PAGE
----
Wayne Watson, information security manager for NHBC, said: “Ipswitch FT’s secure MOVEit solution gives us full visibility and management of file transfers, and enables us to avoid fines of up to £250,000 for non-compliance, as well as maintaining our company’s 75-year trusted reputation.”

Let’s start to examine the impact of end-to-end visibility and ways it can be put to work for your organization.  For starters, let’s dig into correlation.

Correlation involves identifying related actions and events as a file moves through a series of business processes (including what happens after a file is moved, renamed, or deleted), and using that information to make business decisions.  Correlation can also associate file transfer metadata with downstream processes such as whether a product was shipped or an invoice was paid after an order was received from a customer.

Ipswitch’s Frank Kenney shares some thoughts in the video below on why correlation is an especially important part of visibility and how it enables you to really understand not only file transfers, but also the applications, processes, purchase orders and other items in your infrastructure that tie back to customers, SLA’s and revenue..

[youtube]http://www.youtube.com/watch?v=ZOSoT95oFUg[/youtube]
Correlation enables users to easily view all the events related to the transfer and consumption of a single file or set of files, including subsequent applications and resulting business processes.  For example, they can track a file through a complete workflow and throughout its entire lifecycle, even if it was shared with a customer or business partner  – critical insight that can impact the quality and timeliness of work, service level agreements, not to mention revenue and profitability.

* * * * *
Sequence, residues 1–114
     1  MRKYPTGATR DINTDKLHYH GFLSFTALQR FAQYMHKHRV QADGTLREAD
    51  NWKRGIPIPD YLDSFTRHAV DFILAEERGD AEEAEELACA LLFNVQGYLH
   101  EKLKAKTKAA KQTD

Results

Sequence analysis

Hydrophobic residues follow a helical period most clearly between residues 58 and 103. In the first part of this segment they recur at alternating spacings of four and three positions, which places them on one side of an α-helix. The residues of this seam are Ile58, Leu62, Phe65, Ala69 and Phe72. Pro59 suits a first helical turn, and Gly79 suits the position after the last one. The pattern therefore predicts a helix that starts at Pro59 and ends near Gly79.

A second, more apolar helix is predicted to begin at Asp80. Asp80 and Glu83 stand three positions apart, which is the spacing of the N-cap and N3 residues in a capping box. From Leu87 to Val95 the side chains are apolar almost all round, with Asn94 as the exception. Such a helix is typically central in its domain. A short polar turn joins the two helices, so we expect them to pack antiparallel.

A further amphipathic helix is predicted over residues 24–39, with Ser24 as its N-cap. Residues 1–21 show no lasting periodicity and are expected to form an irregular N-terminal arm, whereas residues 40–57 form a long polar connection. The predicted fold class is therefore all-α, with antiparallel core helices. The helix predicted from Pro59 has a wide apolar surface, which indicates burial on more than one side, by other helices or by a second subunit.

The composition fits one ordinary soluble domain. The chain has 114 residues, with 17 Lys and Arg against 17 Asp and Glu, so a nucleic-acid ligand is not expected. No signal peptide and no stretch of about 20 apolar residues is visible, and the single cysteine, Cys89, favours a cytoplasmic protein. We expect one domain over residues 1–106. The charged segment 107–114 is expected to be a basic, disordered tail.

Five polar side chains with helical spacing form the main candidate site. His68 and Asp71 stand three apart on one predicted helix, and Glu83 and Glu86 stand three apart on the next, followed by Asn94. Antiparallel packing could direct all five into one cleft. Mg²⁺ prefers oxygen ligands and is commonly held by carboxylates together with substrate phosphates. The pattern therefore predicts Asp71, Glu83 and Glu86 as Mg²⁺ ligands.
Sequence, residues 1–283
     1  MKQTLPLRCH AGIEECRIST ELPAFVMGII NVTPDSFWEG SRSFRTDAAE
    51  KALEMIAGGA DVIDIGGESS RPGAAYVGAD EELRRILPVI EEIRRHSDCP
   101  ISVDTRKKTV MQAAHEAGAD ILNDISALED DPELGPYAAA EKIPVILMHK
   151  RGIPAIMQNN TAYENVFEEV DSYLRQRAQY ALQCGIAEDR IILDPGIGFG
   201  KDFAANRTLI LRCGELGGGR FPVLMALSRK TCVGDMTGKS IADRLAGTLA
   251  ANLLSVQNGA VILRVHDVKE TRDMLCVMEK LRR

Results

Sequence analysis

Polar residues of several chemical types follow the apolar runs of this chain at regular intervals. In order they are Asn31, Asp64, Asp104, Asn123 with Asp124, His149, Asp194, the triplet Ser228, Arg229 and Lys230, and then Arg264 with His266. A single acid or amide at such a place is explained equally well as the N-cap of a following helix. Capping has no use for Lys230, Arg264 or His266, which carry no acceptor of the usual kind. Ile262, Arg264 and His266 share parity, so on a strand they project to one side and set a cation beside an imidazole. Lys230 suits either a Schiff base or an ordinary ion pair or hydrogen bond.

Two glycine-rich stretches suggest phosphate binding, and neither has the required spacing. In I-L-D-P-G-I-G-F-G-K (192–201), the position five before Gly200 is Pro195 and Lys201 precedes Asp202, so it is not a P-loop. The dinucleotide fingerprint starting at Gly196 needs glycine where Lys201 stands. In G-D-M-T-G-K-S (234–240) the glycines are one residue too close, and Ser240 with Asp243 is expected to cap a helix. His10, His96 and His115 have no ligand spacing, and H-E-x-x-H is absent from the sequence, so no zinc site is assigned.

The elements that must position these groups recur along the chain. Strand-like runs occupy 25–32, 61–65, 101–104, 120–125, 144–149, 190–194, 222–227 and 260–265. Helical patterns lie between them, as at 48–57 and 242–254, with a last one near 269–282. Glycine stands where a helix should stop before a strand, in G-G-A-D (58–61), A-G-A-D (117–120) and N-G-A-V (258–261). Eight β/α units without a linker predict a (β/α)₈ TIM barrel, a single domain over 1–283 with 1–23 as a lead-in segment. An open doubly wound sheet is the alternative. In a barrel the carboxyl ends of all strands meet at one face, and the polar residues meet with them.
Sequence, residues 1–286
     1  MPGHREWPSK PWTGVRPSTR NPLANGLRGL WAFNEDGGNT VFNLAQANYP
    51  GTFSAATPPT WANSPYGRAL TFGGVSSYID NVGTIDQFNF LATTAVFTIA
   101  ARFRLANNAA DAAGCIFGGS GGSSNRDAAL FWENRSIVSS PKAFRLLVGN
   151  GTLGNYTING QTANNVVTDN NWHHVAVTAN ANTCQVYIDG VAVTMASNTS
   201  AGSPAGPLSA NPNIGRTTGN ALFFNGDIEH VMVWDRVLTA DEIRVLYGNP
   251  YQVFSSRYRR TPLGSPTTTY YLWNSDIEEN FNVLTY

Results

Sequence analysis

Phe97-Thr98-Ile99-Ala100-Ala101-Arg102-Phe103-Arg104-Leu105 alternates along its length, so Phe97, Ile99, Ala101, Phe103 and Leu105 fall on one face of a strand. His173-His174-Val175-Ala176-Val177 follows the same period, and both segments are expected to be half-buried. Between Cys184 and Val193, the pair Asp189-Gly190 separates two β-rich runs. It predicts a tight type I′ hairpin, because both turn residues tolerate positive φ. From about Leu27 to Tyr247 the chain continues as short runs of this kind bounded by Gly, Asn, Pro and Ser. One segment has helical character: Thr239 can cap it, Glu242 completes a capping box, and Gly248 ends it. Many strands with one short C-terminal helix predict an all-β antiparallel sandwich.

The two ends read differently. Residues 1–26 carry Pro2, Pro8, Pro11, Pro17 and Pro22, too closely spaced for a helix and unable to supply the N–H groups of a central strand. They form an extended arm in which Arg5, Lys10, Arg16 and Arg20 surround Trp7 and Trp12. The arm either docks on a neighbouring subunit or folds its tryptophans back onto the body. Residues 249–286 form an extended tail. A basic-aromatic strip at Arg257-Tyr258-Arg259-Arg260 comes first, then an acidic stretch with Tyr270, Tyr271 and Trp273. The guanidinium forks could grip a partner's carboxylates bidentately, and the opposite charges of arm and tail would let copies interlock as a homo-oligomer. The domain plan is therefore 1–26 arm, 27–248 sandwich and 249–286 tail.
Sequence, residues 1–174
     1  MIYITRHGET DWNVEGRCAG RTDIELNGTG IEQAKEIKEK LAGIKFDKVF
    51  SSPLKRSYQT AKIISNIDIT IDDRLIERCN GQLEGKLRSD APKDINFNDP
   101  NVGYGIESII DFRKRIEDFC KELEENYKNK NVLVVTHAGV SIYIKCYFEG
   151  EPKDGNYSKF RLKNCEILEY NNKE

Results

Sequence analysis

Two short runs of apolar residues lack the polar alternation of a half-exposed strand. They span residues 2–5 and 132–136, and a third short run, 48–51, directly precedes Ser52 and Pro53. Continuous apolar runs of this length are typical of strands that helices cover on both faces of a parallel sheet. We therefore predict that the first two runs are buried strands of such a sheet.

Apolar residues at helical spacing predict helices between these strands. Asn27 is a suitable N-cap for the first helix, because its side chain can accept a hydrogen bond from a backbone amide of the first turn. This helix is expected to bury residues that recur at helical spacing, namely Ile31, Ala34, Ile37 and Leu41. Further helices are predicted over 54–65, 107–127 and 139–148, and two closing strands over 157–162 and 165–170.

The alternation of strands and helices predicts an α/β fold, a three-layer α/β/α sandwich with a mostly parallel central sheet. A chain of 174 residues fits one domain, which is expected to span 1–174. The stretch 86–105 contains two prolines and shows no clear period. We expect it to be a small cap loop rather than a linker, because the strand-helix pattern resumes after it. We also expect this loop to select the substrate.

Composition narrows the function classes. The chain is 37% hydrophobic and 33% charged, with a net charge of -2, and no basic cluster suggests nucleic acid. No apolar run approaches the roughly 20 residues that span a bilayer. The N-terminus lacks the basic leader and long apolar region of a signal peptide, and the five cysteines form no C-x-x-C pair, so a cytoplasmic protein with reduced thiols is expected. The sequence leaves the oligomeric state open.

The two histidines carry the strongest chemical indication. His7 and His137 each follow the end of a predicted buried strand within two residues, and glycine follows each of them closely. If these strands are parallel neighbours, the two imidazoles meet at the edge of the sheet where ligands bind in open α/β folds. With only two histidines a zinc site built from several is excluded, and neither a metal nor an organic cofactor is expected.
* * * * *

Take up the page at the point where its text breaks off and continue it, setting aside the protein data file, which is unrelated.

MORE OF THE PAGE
Information flows into, within and out of organizations faster and in greater volumes than ever before.  Complicating matters is the growing number of vendor systems, applications and platforms that make up your company’s business infrastructure and touch even your most sensitive and mission-critical information.

If you don’t have visibility into the data and files that are flowing between systems, applications and people — both inside and beyond the company firewall — things can go haywire very quickly.

  • Lost files, security breaches and compliance violations
  • Broken SLAs and other processes that are dependent on files
  • No file lifecycle tracking as data flows between applications, systems and people
  • Damaged partner and customer relationships
  • Lost opportunities

Relying on the reporting capabilities of each individual system has proven to be risky and inefficient.  Chances are, you’re swimming in a sea of not-very-useful-or-actionable data and static reports that are already a week behind with what’s actually happening in your company this very instant.

In today’s blog video, Frank Kenney shares his thoughts why having one consolidated view is critical and why organizations are having such a hard time achieving visibility.